These results are foundational in understanding the symmetry structure of quantum mechanics, which he put on a grouptheoretic basis. This included spinors. Together with the mathematical formulation of quantum mechanics, in large measure due to John von Neumann, this gave the treatment familiar since about 1930. Noncompact groups and their representations, particularly the Heisenberg group, were also deeply involved. From this time, and certainly much helped by Weyl's expositions, Lie groups and Lie algebras became a mainstream part both of pure mathematics and theoretical physics.
His book The Classical Groups, a seminal if difficult text, reconsidered invariant theory. It covered symmetric groups, full linear groups, orthogonal groups, and symplectic groups and results on their invariants and representations.
Harmonic analysis and analytic number theory
Weyl also showed how to use exponential sums in diophantine approximation, with his criterion for uniform distribution mode 1, which was fundamental step in analytic number theory. This work applied to the Riemann zeta function, as well as additive number theory. It was developed by many others.
Later career
In 1928 and 1929, he was a visiting professor at Princeton University.
Weyl left the professorship at the Technische Hochschule in Zürich, Switzerland, in the year of 1930 and he became Hilbert's successor at Göttingen where he held the chair of mathematics. The rise of the National Socialism in Germany in 1933, resulted in Weyl going to the Institute for Advanced Study. There Weyl worked with Einstein.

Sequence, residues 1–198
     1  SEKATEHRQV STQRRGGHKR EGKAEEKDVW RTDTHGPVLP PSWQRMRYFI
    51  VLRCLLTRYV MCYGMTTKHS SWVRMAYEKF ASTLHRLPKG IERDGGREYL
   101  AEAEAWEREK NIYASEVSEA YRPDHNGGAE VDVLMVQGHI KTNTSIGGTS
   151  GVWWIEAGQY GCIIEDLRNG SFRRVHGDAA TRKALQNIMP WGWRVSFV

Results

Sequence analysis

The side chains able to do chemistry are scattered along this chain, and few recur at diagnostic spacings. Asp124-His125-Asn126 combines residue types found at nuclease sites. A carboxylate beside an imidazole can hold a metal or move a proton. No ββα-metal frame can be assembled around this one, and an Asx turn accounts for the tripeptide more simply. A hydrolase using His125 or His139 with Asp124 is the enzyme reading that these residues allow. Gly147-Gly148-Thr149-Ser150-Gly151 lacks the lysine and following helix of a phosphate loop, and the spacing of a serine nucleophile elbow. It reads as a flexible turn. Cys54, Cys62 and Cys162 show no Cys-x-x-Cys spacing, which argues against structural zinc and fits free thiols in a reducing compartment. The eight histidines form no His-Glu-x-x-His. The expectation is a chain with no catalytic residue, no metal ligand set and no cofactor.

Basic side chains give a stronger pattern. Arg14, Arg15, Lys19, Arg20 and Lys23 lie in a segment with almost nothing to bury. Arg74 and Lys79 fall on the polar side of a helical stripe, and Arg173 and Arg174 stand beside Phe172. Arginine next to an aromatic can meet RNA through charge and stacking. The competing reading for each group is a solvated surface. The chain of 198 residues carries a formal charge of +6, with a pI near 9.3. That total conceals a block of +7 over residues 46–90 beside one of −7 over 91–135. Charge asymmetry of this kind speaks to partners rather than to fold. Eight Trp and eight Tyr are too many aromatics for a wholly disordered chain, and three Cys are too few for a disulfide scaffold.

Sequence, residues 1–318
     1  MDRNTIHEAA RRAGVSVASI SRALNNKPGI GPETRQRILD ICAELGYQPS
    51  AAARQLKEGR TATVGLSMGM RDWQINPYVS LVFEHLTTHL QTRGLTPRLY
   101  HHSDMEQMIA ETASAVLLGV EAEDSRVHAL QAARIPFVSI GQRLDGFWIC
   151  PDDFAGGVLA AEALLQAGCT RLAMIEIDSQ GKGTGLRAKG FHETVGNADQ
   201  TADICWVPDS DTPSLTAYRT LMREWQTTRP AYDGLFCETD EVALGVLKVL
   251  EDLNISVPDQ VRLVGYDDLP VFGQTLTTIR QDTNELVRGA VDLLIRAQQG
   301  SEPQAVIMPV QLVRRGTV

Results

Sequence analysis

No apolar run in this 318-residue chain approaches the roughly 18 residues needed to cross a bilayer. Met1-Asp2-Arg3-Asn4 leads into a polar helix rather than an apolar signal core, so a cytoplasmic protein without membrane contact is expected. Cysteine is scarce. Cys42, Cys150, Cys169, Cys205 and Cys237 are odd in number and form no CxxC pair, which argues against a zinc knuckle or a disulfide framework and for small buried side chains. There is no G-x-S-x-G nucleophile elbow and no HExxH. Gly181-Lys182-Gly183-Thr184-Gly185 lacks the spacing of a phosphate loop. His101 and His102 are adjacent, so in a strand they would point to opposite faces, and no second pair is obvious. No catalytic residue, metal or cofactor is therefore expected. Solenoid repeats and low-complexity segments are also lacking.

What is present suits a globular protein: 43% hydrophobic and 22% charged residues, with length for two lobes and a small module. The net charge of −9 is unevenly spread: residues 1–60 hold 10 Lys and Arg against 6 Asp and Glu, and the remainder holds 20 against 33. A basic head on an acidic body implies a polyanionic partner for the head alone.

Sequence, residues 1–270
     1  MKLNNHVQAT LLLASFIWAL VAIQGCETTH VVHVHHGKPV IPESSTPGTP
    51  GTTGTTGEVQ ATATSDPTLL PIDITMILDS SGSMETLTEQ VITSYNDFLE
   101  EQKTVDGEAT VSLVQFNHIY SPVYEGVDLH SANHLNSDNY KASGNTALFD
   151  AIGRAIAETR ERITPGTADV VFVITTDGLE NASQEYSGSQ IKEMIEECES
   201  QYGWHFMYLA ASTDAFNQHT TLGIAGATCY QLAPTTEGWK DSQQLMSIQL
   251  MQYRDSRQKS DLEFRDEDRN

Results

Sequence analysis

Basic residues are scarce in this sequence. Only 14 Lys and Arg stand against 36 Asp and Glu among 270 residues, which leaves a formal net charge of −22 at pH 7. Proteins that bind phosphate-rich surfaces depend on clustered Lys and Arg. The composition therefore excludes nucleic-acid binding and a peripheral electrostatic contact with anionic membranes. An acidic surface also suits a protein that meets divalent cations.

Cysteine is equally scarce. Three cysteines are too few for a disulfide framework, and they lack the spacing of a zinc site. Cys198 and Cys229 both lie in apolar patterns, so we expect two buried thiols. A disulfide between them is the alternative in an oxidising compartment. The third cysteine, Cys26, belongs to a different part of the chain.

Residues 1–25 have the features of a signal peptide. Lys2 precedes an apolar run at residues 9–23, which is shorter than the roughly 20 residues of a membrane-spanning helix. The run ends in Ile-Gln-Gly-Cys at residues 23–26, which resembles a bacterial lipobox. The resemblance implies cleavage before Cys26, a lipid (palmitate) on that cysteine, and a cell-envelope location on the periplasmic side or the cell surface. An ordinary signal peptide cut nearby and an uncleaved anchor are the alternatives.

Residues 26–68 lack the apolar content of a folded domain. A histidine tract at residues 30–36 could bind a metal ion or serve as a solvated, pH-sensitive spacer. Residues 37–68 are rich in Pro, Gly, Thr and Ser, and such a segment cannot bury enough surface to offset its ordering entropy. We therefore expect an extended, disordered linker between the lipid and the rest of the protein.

At Princeton Weyl researched a unification of gravitation and electromagnetism. Weyl tried to incorporate electromagnetism in the geometrical formalism of general relativity. Weyl's research of Riemann surfaces and the associated definition of the complex manifold in one dimension. This is part of the theory of complex manifolds and of differential manifolds.
Weyl's research was the framework for later explanations of the violation of nonconservation of parity, a characteristic of weak interactions between leptons, in particle physics.
Weyl worked at the IAS until retirement in 1952. He died in Zürich, Switzerland.
Personality
Weyl's own comment, although half a joke, sums up his personality.
 My work always tried to unite the truth with the beautiful, but when I had to choose one or the other, I usually chose the beautiful.
Quotes